BLOOMINGTON — The Indiana University-Bloomington Media School will award the Michael I. Arnolt Diversity Scholarship each year to an incoming freshman interested in studying investigative journalism and a returning student active in the Michael I. Arnolt Center for Investigative Journalism.
He is a 1962 graduate of Leesburg High School and several years ago, he made a $6 million donation to Indiana University for the investigative journalism school.
The freshman scholarship, of up to $5,000 per year, may be renewed annually through the undergraduate period and is intended for a student from Indiana. The returning student scholarship is a one-time award of $5,000, preferably for a student from Indiana.
“It’s the job of a journalist to report on topics and issues well beyond the scope of one’s background. I do give credit to former and current reporters to gain the understanding and knowledge, combined with empathy, of every topic which comes before them,” Arnolt said. “And though I think we, past and current reporters, have covered a sundry of topics and situations with excellence, the need for diversity in color and consciousness among the journalism profession has long been evident.”
Arnolt earned a Bachelor of Arts in Journalism from IU Bloomington in 1967. He spent the first five and a half years of his professional career as a reporter for The Elkhart Truth. He later transitioned to private business, becoming the co-founder of Graston Technique, a physical therapy method adopted by clinicians, outpatient clinics, university advanced degree teaching programs and more than 450 amateur and professional sports organizations across the U.S., Canada and Europe. Despite the career change, he maintained his passion for and belief in the responsibility of journalists to uphold the watchdog function of the news media. He remained in Indiana and now lives in Indianapolis.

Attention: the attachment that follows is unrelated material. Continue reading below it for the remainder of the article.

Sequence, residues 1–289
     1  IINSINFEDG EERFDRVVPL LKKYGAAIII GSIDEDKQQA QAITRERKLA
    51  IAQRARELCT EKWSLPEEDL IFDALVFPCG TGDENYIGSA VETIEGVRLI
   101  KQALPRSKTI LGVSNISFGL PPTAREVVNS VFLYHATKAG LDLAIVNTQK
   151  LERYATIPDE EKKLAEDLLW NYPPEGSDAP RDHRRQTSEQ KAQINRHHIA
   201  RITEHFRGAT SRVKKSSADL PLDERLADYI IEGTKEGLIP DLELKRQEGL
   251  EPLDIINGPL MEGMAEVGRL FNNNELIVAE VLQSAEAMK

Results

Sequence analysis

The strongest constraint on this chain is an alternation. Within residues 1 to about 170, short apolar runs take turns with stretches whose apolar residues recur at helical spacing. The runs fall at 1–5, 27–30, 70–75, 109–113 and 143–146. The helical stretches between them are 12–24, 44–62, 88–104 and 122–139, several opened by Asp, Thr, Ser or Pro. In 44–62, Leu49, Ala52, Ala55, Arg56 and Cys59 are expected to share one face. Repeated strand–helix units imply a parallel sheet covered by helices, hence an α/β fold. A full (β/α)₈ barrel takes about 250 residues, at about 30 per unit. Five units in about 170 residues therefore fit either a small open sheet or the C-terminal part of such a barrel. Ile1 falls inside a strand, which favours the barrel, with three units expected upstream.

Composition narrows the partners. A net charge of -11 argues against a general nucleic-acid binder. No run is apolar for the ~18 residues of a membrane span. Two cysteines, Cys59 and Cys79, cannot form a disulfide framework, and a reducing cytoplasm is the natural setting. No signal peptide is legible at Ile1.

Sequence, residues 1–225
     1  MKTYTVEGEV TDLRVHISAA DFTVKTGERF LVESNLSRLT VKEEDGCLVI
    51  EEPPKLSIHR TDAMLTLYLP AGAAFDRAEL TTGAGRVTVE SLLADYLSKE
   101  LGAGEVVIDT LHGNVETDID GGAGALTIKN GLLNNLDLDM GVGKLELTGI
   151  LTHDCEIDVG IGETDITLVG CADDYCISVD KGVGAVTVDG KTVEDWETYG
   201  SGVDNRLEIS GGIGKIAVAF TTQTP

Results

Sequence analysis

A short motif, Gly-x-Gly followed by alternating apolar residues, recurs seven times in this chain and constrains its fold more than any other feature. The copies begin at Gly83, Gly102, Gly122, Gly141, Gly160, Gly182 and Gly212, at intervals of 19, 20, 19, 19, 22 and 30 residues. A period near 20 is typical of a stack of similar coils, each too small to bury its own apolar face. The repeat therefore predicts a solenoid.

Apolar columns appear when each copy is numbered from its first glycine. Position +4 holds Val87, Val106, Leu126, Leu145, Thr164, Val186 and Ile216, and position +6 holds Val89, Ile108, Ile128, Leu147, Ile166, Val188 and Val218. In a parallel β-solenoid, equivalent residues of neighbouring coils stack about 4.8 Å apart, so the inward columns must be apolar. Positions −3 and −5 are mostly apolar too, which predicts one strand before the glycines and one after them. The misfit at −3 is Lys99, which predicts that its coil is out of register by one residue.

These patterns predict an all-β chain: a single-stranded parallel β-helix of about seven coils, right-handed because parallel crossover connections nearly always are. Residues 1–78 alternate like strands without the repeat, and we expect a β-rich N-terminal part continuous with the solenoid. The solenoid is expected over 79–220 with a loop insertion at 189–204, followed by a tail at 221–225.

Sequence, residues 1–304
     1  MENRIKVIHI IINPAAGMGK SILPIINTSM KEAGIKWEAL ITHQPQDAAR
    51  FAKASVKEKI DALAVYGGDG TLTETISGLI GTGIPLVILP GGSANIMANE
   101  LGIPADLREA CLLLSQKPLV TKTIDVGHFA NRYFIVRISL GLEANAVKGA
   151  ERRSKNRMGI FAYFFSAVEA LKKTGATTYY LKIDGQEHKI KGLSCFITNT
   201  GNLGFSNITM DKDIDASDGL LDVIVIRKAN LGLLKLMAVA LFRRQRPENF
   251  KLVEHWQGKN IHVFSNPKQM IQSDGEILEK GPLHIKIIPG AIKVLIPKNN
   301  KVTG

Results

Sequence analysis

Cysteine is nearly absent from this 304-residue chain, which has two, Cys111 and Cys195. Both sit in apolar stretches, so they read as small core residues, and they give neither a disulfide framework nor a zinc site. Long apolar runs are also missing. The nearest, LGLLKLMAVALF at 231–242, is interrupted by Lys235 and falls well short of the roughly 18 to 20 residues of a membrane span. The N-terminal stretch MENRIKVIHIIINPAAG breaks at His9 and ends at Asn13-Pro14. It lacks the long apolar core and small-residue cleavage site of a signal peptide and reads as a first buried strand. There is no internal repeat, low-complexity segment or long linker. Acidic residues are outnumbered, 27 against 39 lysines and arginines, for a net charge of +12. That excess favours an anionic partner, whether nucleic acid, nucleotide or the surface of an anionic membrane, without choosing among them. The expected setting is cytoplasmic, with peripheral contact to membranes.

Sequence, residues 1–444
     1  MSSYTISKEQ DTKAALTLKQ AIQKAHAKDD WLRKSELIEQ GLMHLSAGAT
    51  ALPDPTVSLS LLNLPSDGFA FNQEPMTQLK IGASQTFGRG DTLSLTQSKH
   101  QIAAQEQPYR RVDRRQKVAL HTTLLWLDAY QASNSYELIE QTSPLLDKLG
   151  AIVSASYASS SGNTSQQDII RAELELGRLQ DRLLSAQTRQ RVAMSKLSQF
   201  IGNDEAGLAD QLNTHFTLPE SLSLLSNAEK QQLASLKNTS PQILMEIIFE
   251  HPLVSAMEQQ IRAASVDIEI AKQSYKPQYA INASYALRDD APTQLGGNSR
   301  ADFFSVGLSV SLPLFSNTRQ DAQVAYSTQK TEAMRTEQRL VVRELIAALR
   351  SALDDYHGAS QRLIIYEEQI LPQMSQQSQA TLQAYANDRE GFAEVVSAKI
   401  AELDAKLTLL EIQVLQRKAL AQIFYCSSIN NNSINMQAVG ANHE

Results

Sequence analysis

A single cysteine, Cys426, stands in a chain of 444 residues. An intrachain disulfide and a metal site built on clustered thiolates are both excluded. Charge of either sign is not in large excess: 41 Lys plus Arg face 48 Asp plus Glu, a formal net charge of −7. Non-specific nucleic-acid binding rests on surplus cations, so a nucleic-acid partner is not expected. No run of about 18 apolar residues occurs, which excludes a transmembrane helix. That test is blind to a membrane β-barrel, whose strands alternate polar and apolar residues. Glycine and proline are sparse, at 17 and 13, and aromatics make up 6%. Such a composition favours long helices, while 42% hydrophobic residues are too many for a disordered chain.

“This is a remarkable and timely gift from Michael, who already has given so much to advance investigative journalism with his very generous donation that started the center,” said professor of practice Kathleen Johnston, director of the Arnolt Center. “We have a number of students of color working in the center, and now we will be able to help ease some of their college financial burdens thanks to Michael’s generosity. Students awarded this scholarship can focus on learning to become investigative journalists instead of worrying about college bills.”
Eligible high school students will be identified by their IU applications and/or selective scholarship applications, and returning students will be considered based on the IU Media School’s general scholarship application, which goes live in December.
The Arnolt Center was established in the Media School in 2019, thanks to a gift from Arnolt. The center teaches and produces high-quality investigative journalism and provides it to local, regional and national news outlets.